I'm 34...there's no way I could take the time off of work for a campaign with no guarantee of a job at the end, and no way I would let go of the job security I have for the uncertainty of a life in politics.

If you want people in Congress who have done something else in their lives besides politics, who are average enough Americans to need to worry about getting their monthly paychecks and job security, veterans are probably your best bet.


Next, from another reader, a more skeptical view of the effect of a military background:

I respect the service of these men and women as well as the With Honor mission.  But the emphasis on military service as some sort of qualification for elected office troubles me.

William Henry Harrison was a veteran-politician. Should we have more? (A.S. Southworth and J.J. Hawes, at Metropolitan Museum of Art, via Wikimedia)

One more round, on whether in this Chickenhawk era—when the United States is always at war, but 99% of its population is not directly touched by the physical or even financial consequences of combat—having more “young veterans” in politics would improve  politics and policy.

These responses follow this item on a new PAC devoted to supporting young-veteran campaigns; these two rounds of previous reader comment; and my original Chickenhawk Nation piece from three years ago.

First, from a veteran of the recent Long Wars. He writes:

I was surprised by some of the blowback you have received. Yes of course being a veteran shouldn’t be a pre-req for civil service, and yes of course not all veterans are decent and as seen by the veterans in Charlottesville, some are downright un-American.

But most service members are forced to move to small towns all around the country and world and work with people of varying backgrounds and beliefs. We’ve seen American diversity up close and personally, in a stressful and patriotic environment, and worked with people we bitterly disagree with politically because we believed in an American ideal that is greater than Democrat or Republican.

Recently a veteran-turned-CIA-security-contractor threatened that he’d like to strangle Obama because of Benghazi. There’s a lot wrong with that, but it grinds my gears that a veteran-turned-mercenary is a normal thing now. If he still wore the uniform he’d be reprimanded for talking so foolishly (I guess unless he’s Tom Cotton). But mercenaries do what they want. And Erik Prince wants to be the Viceroy of Afghanistan.

This is a problem that only those of us who are part of the 1% have really engaged with, and as long as only 1% serve in the Long Wars, it will continue. ‘Of course our perspective is important, and of course it’s a good thing we’ve begun entering politics.’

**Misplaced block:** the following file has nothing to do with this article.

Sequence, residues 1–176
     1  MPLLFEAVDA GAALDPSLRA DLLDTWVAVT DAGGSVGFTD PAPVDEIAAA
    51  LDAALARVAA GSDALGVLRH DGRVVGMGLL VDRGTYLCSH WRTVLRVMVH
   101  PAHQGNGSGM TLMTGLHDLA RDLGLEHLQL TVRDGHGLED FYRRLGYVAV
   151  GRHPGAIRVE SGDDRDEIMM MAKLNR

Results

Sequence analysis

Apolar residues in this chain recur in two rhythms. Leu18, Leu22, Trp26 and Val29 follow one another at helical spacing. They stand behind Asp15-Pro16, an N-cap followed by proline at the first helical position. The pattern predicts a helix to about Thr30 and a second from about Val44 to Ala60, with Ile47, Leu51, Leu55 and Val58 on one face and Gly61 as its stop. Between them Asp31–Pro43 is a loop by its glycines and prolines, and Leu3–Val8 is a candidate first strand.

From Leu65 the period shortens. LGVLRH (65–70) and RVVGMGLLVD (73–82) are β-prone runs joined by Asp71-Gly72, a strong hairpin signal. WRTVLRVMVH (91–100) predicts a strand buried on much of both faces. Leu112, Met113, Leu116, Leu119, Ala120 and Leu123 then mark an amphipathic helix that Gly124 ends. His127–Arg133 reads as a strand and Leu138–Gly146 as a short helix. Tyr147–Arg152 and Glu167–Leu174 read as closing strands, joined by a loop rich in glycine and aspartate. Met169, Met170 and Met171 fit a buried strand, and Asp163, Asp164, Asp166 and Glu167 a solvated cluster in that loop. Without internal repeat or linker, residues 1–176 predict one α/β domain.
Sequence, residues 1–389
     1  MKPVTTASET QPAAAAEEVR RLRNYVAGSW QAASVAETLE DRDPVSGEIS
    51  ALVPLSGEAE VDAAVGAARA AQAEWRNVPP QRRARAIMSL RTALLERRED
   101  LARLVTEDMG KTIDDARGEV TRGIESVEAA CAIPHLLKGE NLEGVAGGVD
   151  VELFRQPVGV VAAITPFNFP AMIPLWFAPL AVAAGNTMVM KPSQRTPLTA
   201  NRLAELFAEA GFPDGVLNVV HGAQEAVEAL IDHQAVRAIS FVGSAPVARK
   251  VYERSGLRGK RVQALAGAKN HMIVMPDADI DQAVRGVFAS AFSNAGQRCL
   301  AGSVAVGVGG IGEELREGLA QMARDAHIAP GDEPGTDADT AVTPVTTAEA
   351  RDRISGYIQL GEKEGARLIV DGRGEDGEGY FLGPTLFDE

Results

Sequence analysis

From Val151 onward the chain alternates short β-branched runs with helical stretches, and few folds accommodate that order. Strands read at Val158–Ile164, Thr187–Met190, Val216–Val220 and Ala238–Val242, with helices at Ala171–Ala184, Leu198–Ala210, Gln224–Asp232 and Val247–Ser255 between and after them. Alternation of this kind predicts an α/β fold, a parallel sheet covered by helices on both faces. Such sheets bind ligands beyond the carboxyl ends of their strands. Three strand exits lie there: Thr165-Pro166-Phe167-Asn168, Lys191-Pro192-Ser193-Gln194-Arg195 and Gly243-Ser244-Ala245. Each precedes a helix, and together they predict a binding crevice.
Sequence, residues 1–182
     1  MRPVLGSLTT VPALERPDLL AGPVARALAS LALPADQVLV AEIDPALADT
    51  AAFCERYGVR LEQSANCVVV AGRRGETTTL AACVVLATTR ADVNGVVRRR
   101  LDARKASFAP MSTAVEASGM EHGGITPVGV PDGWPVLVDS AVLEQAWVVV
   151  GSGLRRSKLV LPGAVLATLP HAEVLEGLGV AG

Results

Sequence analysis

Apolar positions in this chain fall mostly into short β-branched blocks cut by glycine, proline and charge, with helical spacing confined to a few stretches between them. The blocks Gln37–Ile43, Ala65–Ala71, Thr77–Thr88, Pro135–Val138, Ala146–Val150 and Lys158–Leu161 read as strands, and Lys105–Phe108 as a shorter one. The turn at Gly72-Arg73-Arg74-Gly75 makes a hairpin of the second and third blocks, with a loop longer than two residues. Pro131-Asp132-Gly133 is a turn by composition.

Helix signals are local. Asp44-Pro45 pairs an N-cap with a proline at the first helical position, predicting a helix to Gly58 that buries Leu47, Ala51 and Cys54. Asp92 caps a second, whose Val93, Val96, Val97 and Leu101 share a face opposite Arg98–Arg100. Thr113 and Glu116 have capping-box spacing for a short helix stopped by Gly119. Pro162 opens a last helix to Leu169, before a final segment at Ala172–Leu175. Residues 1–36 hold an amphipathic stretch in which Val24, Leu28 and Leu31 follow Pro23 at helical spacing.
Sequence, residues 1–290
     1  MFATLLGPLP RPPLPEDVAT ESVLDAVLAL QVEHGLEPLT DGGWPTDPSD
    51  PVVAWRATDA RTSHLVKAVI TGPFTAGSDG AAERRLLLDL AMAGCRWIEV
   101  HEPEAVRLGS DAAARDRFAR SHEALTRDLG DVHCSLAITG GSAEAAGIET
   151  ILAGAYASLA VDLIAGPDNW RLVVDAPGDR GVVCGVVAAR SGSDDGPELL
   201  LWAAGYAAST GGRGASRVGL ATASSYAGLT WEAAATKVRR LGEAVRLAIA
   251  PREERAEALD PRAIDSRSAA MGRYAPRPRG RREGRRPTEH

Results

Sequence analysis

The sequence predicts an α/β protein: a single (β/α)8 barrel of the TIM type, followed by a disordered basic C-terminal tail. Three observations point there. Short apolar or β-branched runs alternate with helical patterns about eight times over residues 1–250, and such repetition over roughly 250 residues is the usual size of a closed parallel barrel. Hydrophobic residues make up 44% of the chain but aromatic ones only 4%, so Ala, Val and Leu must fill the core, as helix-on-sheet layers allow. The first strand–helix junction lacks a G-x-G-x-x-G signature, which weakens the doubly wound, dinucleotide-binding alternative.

U.S. Army marched in the Veterans Day parade on November 11, 2014.
The U.S. Army marched in a Veterans Day parade on November 11, 2014. Mike Segar / Reuters

On November 11, known as Remembrance Day through the countries of the British Commonwealth, the public honors those who died in the military service of their nations.

The same date is observed as Armistice Day in France and Belgium, in observance of the armistice ending the “Great War,” the First World War, 101 years ago today.

In the United States, November 11 is Veterans Day, to honor all those who have worn the nation’s uniform. (Memorial Day, in May, is the U.S. counterpart to Britain’s Remembrance Day, to honor those who died in service.)

On this day, most public presentations in the U.S. include the line, “Thank you for your service.” In a long cover story for The Atlantic nearly five years ago, I argued that the real way today’s American public could honor the tiny fraction of its members in military service would be different.

(For perspective on the “tiny fraction”: At the time that I wrote that article, a total of about 2.5 million Americans, roughly three-quarters of 1 percent of the population, had served in Iraq or Afghanistan at any point in the post-9/11 years, many of them more than once. These days America’s total active-duty forces, in all branches, number less than 1.5 million, or well under one-half of 1 percent of the population. This is a different concept of “the 1 percent” than references to the economic elite.)

The article was called “The Tragedy of the American Military,” and the opening page summarized its argument this way:

The American public and its political leadership will do anything for the military except take it seriously. The result is a chickenhawk nation in which careless spending and strategic folly combine to lure America into endless wars it can’t win.

After that article came out, I received thousands of responses from service members or their families, a number of which you’ll see quoted in the posts in this thread. The vast majority were “positive,” in discussing the military’s keen awareness of its status in a “chickenhawk” era—one in which the country was constantly in battles, but only a handful of its people were directly exposed to the costs.


Some circumstances have changed since that time; most have not. The phenomenon of “honoring the troops,” but then skating on to other matters, has, if anything, grown all the stronger over the years.

The article is here.  I hope you will find a chance to read it; if there is further response, I’ll revive this discussion thread.